These days, just about everyone is cutting back on spending, either to make ends meet, saving for something special or a rainy day, paying off debt or funding their retirement. Consumers are cutting coupons, looking for deals and keeping a close eye on their dollars. Whenever costs or fees go up and consumers have to pay more, they invariably get upset.
The last thing that residents want to hear is that their association fees or common charges are being raised. Realistically though, to keep a building properly cared for and financially solvent, fees will need to be raised regularly and fairly. Not doing so can force a board to impose a large assessment or a big maintenance increase because they haven’t put enough money aside for a major repair or improvement project that has arisen.
In recent years, both Fannie Mae and Freddie Mac (the Federal National Mortgage Association and the Federal Home Loan Mortgage Corporation), government-sponsored enterprises that control the secondary mortgage market, have passed stricter lending guidelines for condominium financing. Among those rules, the Federal Housing Administration (FHA) now requires that condominiums set aside at least 10% of their operating income towards a capital reserve account. For example, if the annual budget is $200,000, then the association must set aside $20,000 for its capital reserve fund.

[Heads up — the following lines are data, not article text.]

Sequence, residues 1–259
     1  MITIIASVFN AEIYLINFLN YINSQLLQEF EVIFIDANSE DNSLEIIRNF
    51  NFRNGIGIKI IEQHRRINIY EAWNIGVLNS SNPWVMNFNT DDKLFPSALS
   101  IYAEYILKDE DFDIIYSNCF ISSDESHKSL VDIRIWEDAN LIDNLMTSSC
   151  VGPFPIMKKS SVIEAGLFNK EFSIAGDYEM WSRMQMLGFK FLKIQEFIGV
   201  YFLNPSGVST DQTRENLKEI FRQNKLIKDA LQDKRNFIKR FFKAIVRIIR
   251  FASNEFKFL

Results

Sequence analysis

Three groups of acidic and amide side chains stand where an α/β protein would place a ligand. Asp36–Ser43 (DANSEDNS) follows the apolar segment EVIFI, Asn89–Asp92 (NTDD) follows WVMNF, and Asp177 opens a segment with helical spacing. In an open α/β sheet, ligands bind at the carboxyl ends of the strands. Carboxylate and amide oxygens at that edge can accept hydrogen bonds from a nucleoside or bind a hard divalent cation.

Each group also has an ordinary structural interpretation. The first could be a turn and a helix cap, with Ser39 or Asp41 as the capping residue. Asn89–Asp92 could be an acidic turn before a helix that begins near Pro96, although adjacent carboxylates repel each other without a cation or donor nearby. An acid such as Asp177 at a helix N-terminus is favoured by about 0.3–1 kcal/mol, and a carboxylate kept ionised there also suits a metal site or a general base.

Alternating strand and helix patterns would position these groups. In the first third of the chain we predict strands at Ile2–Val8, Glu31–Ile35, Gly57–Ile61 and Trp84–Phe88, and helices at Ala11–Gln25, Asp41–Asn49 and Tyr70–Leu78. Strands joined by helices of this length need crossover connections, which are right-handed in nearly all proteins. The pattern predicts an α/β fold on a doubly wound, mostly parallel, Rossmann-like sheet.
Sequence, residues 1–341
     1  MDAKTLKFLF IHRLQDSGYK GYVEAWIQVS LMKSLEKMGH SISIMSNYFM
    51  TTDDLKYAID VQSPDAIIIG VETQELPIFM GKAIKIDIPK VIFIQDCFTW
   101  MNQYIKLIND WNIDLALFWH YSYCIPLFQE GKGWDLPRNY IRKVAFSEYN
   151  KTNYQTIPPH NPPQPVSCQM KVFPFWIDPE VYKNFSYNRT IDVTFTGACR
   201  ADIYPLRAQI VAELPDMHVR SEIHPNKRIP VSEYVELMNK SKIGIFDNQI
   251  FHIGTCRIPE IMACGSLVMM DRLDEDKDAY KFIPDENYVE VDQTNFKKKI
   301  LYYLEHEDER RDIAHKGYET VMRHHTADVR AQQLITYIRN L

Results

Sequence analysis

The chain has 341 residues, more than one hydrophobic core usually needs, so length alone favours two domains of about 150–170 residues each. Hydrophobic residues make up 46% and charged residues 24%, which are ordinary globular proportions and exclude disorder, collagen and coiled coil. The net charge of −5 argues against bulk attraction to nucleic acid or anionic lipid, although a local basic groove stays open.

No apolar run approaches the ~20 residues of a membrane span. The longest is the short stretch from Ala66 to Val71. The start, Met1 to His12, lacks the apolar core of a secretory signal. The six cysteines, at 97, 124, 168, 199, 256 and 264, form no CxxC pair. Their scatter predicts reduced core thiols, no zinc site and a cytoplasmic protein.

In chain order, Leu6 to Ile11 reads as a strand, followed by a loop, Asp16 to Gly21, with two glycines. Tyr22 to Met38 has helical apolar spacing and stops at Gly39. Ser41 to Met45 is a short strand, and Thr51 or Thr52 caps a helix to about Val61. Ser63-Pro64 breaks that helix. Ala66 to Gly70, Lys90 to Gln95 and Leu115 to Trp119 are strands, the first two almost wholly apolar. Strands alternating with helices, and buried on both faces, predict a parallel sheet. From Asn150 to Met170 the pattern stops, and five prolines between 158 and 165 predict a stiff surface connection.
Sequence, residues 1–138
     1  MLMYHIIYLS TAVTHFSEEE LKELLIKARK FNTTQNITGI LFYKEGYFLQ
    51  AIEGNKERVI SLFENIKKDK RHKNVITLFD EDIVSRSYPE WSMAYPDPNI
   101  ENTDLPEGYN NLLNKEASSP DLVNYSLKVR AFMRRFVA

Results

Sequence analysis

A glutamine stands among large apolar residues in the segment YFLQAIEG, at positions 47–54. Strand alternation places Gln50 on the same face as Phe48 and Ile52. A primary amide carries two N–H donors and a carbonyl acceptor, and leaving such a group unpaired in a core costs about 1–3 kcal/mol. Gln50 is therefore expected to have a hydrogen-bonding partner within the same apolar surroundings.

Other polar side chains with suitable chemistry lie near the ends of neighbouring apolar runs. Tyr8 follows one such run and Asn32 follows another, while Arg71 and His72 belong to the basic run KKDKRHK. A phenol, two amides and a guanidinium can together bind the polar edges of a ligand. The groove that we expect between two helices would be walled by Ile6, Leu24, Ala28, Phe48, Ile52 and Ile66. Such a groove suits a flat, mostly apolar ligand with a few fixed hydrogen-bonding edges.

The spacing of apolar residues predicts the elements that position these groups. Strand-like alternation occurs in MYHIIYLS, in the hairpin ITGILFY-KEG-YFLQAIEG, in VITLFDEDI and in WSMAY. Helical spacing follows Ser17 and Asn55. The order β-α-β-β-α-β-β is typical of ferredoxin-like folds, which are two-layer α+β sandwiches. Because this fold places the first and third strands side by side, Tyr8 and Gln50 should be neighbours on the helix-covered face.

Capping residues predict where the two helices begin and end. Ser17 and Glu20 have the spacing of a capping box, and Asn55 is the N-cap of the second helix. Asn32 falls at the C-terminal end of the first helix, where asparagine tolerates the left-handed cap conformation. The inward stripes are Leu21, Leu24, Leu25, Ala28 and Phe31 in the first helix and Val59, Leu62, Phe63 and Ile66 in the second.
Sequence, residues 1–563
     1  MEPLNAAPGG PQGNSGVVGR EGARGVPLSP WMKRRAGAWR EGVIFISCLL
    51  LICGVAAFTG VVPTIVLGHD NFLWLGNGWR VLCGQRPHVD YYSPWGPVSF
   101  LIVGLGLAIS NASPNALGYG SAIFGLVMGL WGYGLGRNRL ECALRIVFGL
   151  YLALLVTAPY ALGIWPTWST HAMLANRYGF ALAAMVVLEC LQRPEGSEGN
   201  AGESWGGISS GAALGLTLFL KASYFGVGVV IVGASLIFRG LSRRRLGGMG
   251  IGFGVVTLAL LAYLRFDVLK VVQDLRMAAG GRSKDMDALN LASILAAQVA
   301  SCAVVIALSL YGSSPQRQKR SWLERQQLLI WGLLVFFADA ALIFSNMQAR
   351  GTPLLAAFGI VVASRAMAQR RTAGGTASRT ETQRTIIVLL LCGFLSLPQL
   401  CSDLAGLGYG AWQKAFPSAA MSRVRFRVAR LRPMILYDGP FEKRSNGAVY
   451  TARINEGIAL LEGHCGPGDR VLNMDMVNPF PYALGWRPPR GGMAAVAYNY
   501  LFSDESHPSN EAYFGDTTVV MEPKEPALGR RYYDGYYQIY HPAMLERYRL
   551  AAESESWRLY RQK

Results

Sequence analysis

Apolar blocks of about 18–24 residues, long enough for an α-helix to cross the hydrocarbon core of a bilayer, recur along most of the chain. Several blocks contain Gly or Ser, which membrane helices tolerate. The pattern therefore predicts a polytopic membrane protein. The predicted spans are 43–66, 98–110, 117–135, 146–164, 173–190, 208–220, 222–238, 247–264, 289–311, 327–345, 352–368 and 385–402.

Just as an individual needs an emergency fund in case of a job loss or an unexpected car repair, an association needs a financial reserve to take care of such major repairs as roof leaks, plumbing problems or foundation issues.
A Community Associations Institute (CAI) study in 2012 found that cash-strapped associations are trying everything to make do. To compensate for a cash shortfall, the CAI study shows 38 percent have postponed planned capital improvement projects, 35 percent have reduced landscaping services, 31 percent have reduced contributions to their reserve accounts—funds that are set aside for major maintenance and repairs, 23 percent have borrowed from the association’s reserve account, 16 percent have levied special assessments, 12 percent are allowing residents to perform minor tasks in the community and 6 percent have borrowed from banks and other lenders.